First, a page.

George Pravda meanwhile, seems thoroughly uninterested in his role as Professor Jaeger, although bearing in mind his dialogue I don't really blame him. His sudden obsession with particle reversal is extremely annoying; he insists that he needs the technique to complete his atmospheric experiments, but prior to the Doctor's arrival he was getting along fine, albeit more slowly; he didn't even believe that particle reversal was possible. More annoying though, is his purpose in the story. Jaeger exists to illustrate the principle often espoused (quite fairly) in Doctor Who that science must be tempered by ethics; Jaeger is the anti-thesis of this principle, not remotely concerned with the consequences of his actions for the natives of Solos. Unfortunately, the script is so unsubtle that he more-or-less states this himself, especially during the "genocide as a side-effect". 

The Solonians don't fair much better. Garrick Hagon isn't bad as Ky, but James Mellor's Varan is another matter entirely. Varan, a man whose appearance is crying out for the addition of an electric guitar, is a character blighted by some truly awful dialogue, most of which involves him talking about himself in the third person. This is presumably to indicate that the Solonians are less advanced than the Overlords. Armed with such unwieldy lines, Mellor hams it up almost as much as Whitsun-Jones. Back with the Overlords we also have Rick James as Cotton. James has occasionally been described as the worst actor ever to appear in Doctor Who, but with lines like "we'll all be done for!", I'd challenge any actor to do better. Even one of the extras is bad enough to be noteworthy; the old man in Varan's village is reminds me of the crone from the Blackadder II episode 'Bells'. 

So if the acting's that bad, presumably we can look to the regulars for solace. Or not. Katy Manning is her usual reliable self, but Jo gets so little to actually do, being forced to tag along with Ky, Stubbs and Cotton, or a combination therefore, that she serves only to explain the obvious to particularly dim viewers. Pertwee on the other hand, actually below par here, seems genuinely bored with the script. He even fluffs a line near the start of episode one, in true Hartnell style. His lack of enthusiasm is most obvious when he's confronting Jaeger or the Marshall; the Third Doctor is particularly good at righteous indignation, but his objections here to the treatment of the Solonians just seem half-arsed.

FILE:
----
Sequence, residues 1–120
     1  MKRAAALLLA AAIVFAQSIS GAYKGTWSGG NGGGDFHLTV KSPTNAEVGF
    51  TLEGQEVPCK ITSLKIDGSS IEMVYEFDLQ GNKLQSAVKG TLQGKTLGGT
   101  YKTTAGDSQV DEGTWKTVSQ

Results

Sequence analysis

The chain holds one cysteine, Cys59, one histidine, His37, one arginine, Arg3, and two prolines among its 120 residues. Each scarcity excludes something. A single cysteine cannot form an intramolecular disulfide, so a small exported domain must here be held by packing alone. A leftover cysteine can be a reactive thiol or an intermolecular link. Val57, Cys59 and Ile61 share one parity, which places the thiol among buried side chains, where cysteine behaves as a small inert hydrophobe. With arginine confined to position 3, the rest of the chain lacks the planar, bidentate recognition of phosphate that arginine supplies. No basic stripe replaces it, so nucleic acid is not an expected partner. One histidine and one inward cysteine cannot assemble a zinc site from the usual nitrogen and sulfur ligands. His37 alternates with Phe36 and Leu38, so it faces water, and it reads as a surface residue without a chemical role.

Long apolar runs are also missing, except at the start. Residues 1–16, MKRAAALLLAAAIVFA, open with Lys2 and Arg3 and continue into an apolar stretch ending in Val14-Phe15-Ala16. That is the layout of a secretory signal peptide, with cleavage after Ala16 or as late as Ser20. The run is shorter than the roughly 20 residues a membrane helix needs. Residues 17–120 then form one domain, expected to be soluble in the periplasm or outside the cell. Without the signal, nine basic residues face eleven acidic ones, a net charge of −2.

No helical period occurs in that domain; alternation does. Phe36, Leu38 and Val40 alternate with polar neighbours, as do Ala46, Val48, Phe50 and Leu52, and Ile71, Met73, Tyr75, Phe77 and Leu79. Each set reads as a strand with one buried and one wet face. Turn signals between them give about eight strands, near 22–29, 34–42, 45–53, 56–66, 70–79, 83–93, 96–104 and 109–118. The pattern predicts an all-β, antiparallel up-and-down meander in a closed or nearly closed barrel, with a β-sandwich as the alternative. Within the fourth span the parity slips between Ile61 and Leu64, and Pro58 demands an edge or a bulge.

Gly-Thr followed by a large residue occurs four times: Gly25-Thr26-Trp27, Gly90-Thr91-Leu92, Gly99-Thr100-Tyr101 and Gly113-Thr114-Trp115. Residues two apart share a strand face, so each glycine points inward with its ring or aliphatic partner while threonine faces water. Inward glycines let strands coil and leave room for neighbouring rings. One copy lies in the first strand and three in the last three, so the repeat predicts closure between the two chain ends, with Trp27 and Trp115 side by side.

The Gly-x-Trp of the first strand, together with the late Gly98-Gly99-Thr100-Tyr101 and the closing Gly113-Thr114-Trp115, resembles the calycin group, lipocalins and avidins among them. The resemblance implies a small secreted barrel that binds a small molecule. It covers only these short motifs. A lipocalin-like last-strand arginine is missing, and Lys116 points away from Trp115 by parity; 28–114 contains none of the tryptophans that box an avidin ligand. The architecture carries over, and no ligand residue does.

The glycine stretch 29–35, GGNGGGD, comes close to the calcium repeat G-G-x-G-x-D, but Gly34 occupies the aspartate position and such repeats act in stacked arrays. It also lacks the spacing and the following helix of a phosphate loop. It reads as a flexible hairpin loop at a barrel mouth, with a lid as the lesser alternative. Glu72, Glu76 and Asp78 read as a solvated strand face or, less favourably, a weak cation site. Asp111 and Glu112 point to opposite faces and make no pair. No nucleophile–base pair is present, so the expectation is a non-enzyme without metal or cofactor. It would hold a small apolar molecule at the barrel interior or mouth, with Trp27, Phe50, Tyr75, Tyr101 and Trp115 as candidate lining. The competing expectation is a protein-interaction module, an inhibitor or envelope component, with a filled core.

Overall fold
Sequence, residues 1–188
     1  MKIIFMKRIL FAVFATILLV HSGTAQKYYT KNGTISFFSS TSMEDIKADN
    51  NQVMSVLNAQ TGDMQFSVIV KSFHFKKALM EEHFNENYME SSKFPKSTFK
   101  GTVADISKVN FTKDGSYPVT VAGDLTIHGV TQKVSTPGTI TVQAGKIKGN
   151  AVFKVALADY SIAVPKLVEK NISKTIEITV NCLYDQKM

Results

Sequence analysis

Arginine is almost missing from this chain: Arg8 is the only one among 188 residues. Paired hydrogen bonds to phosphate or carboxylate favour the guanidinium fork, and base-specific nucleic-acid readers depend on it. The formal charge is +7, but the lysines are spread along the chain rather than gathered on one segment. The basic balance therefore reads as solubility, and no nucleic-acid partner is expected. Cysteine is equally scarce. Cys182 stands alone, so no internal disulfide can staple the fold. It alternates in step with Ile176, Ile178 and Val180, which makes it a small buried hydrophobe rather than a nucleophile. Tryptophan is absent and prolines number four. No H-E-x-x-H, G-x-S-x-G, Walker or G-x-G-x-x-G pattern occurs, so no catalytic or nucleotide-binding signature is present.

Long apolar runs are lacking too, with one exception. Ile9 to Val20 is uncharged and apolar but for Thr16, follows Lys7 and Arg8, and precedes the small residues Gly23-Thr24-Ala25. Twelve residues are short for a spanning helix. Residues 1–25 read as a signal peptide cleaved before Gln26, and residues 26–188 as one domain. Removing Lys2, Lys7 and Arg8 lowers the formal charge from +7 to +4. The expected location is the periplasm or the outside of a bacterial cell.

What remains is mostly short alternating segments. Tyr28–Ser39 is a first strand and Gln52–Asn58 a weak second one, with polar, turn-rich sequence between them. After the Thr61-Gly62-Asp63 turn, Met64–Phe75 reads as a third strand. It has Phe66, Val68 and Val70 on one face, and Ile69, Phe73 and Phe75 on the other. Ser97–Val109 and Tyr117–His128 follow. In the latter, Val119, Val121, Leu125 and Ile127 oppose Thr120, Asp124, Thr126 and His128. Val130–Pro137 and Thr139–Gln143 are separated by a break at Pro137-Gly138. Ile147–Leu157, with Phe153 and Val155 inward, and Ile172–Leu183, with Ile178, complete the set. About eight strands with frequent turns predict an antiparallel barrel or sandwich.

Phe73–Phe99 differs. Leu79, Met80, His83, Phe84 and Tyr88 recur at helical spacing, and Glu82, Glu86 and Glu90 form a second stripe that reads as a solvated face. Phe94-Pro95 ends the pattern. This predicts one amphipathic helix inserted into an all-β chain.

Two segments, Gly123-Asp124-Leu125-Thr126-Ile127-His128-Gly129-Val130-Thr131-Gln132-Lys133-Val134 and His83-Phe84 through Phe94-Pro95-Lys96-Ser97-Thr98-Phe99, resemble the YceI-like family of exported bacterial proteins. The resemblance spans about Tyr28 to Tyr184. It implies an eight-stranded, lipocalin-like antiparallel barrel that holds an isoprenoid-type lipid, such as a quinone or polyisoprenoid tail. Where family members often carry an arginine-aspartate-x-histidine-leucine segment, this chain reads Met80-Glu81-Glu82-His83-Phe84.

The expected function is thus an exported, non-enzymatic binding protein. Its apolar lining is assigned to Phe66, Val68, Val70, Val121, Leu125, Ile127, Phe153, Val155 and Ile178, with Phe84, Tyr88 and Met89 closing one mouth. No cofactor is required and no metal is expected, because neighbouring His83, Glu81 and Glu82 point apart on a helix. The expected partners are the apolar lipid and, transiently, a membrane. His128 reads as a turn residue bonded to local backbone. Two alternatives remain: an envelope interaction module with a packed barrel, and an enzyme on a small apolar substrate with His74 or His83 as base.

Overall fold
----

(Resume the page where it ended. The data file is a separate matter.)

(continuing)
In summary then, 'The Mutants' has potential, but fails to realize it. After a strong trio of stories, this is particularly disappointing, but not as disappointing as the fact that the season is about to get unbelievably and astonishingly worseÂ…

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‘The Mutants’ is the penultimate story of season nine, coming directly after ‘The Sea Devils’ - a story which is engraved on many fan hearts as being a classic. In my humble opinion, ‘The Mutants’, sadly, is not.

I shall begin by discussing the plot which, although superficially fairly sound (with an obvious anti-colonial message), has two major problems working against it:

1) The story tells of the Doctor and Jo being sent by the Time Lords to deliver a sealed message pod to an unknown person aboard a Skybase orbiting the planet Solos. At the beginning of the first episode, the message pod materialises in front of the Doctor. This begs a hugely important question that pretty much renders the story so convoluted as to be immediately dismissed: why did the Time Lords not simply materialise this pod in front of the unknown person in the first placeÂ’ HmmÂ’

2) It is stretched out over six episodes. This is far too long. By episode four it is really beginning to drag and, by episode 6, I was in serious doubt of how much I cared. Indeed, episodes three and four are almost entirely padding consisting of the Doctor and co. flitting fractiously between Skybase and fannying around in the caves on Solos.

There elements of the plot that are enjoyable, however. The life-cycle of the Solonians is interesting - and the idea that they mutate every 500 years is particularly quirky. The quest for the crystal is also well handled, and leads to some very bizarre sequences in the caves. The transformation of Ky into an ethereal super-being is also quite fascinating - and itÂ’s realisation on screen suitably weird. Having said this, the storyÂ’s solution is completely unsatisfactory: the Marshal is killed and everyone just packs up and goes home. What a damp squib of an ending!

Episode one begins promisingly enough. The delightfully abstract opening titles that so define the Pertwee era fade into a wonderfully atmospheric sequence involving a Mutt being hunted across the swirling mists of the planet Solos. This is followed the group of Skybase guards in pursuit standing victoriously over itÂ’s limp body as it lies broken on the ground. Very good, I thought.

And then Rick James (Cotton) opened his mouth to speak.